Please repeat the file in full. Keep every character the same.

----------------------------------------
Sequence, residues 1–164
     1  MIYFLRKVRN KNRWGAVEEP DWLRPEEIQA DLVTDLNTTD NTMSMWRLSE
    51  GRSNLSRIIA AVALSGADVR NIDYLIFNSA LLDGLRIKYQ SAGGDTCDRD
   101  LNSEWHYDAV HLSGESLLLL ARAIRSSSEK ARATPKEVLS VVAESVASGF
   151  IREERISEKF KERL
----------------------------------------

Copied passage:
Sequence, residues 1–164
     1  MIYFLRKVRN KNRWGAVEEP DWLRPEEIQA DLVTDLNTTD NTMSMWRLSE
    51  GRSNLSRIIA AVALSGADVR NIDYLIFNSA LLDGLRIKYQ SAGGDTCDRD
   101  LNSEWHYDAV HLSGESLLLL ARAIRSSSEK ARATPKEVLS VVAESVASGF
   151  IREERISEKF KERL